$$ \newcommand{\dint}{\mathrm{d}} \newcommand{\vphi}{\boldsymbol{\phi}} \newcommand{\vpi}{\boldsymbol{\pi}} \newcommand{\vpsi}{\boldsymbol{\psi}} \newcommand{\vomg}{\boldsymbol{\omega}} \newcommand{\vsigma}{\boldsymbol{\sigma}} \newcommand{\vzeta}{\boldsymbol{\zeta}} \renewcommand{\vx}{\mathbf{x}} \renewcommand{\vy}{\mathbf{y}} \renewcommand{\vz}{\mathbf{z}} \renewcommand{\vh}{\mathbf{h}} \renewcommand{\b}{\mathbf} \renewcommand{\vec}{\mathrm{vec}} \newcommand{\vecemph}{\mathrm{vec}} \newcommand{\mvn}{\mathcal{MN}} \newcommand{\G}{\mathcal{G}} \newcommand{\M}{\mathcal{M}} \newcommand{\N}{\mathcal{N}} \newcommand{\S}{\mathcal{S}} \newcommand{\I}{\mathcal{I}} \newcommand{\diag}[1]{\mathrm{diag}(#1)} \newcommand{\diagemph}[1]{\mathrm{diag}(#1)} \newcommand{\tr}[1]{\text{tr}(#1)} \renewcommand{\C}{\mathbb{C}} \renewcommand{\R}{\mathbb{R}} \renewcommand{\E}{\mathbb{E}} \newcommand{\D}{\mathcal{D}} \newcommand{\inner}[1]{\langle #1 \rangle} \newcommand{\innerbig}[1]{\left \langle #1 \right \rangle} \newcommand{\abs}[1]{\lvert #1 \rvert} \newcommand{\norm}[1]{\lVert #1 \rVert} \newcommand{\two}{\mathrm{II}} \newcommand{\GL}{\mathrm{GL}} \newcommand{\Id}{\mathrm{Id}} \newcommand{\grad}[1]{\mathrm{grad} \, #1} \newcommand{\gradat}[2]{\mathrm{grad} \, #1 \, \vert_{#2}} \newcommand{\Hess}[1]{\mathrm{Hess} \, #1} \newcommand{\T}{\text{T}} \newcommand{\dim}[1]{\mathrm{dim} \, #1} \newcommand{\partder}[2]{\frac{\partial #1}{\partial #2}} \newcommand{\rank}[1]{\mathrm{rank} \, #1} \newcommand{\inv}1 \newcommand{\map}{\text{MAP}} \newcommand{\L}{\mathcal{L}} \DeclareMathOperator*{\argmax}{arg\,max} \DeclareMathOperator*{\argmin}{arg\,min} $$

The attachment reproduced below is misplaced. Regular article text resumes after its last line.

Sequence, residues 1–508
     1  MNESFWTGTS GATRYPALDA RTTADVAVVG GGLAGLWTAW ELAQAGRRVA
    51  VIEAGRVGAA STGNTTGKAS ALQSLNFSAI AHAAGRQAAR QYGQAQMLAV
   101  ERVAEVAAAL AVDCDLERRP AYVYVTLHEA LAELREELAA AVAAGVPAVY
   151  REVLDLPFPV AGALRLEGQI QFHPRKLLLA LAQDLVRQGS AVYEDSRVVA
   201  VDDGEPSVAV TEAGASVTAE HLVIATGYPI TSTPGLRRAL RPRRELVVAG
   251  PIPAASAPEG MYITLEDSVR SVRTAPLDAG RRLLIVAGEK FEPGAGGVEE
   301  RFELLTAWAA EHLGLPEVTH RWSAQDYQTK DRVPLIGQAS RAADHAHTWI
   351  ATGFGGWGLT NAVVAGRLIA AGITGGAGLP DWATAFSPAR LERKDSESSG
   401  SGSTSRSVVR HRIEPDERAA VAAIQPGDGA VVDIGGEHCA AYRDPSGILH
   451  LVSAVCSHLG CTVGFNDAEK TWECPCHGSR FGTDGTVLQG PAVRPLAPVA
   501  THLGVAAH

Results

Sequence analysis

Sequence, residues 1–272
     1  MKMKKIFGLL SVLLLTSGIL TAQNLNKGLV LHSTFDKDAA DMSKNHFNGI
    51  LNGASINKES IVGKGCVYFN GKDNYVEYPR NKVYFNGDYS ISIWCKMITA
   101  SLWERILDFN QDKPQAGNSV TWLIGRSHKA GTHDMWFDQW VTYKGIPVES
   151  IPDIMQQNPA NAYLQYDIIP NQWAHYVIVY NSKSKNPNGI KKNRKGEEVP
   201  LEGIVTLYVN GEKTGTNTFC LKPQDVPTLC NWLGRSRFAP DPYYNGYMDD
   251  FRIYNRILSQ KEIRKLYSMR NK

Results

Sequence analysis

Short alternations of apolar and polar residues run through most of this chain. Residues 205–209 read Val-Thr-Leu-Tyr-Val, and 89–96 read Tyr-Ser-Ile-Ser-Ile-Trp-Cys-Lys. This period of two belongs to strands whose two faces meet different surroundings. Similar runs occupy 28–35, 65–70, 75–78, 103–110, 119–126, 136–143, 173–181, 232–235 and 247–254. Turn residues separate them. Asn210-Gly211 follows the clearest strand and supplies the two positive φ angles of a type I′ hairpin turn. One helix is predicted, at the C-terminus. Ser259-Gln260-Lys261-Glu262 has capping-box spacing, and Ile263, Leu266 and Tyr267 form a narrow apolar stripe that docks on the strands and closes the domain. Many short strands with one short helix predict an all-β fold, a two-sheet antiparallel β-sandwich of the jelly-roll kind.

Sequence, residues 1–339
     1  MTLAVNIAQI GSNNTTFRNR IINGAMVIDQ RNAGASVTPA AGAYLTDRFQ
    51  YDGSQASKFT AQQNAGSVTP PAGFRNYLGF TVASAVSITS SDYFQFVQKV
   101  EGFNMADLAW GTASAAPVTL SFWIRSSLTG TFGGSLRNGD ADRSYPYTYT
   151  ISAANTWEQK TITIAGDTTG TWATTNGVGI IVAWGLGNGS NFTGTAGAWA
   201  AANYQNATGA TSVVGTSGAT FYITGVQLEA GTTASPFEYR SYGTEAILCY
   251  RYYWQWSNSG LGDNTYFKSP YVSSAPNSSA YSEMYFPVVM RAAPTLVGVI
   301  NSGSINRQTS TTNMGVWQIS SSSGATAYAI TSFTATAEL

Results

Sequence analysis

Variational Autoencoder (VAE) in Pytorch

With all of those bells and whistles surrounding Pytorch, let's implement Variational Autoencoder (VAE) using it.

Generative Adversarial Networks (GAN) in Pytorch

Pytorch is a new Python Deep Learning library, derived from Torch. Contrary to Theano's and TensorFlow's symbolic operations, Pytorch uses imperative programming style, which makes its implementation more "Numpy-like".

Theano for solving Partial Differential Equation problems

We all know Theano as a forefront library for Deep Learning research. However, it should be noted that Theano is a general purpose numerical computing library, like Numpy. Hence, in this post, we will look at the implementation of PDE simulation in Theano.

Linear Regression: A Bayesian Point of View

You know the drill, apply mean squared error, then descend those gradients. But, what is the intuition of that process in Bayesian PoV?

MLE vs MAP: the connection between Maximum Likelihood and Maximum A Posteriori Estimation

In this post, we will see what is the difference between Maximum Likelihood Estimation (MLE) and Maximum A Posteriori (MAP).

Conditional Generative Adversarial Nets in TensorFlow

Having seen GAN, VAE, and CVAE model, it is only proper to study the Conditional GAN model next!

KL Divergence: Forward vs Reverse?

KL Divergence is a measure of how different two probability distributions are. It is a non-symmetric distance function, and each arrangement has its own interesting property, especially when we use it in optimization settings e.g. Variational Bayes method.

Conditional Variational Autoencoder: Intuition and Implementation

An extension to Variational Autoencoder (VAE), Conditional Variational Autoencoder (CVAE) enables us to learn a conditional distribution of our data, which makes VAE more expressive and applicable to many interesting things.

Variational Autoencoder: Intuition and Implementation

Variational Autoencoder (VAE) (Kingma et al., 2013) is a new perspective in the autoencoding business. It views Autoencoder as a bayesian inference problem: modeling the underlying probability distribution of data.

Deriving Contractive Autoencoder and Implementing it in Keras

Contractive Autoencoder is more sophisticated kind of Autoencoder compared to the last post. Here, we will dissect the loss function of Contractive Autoencoder and derive it so that we could implement it in Keras.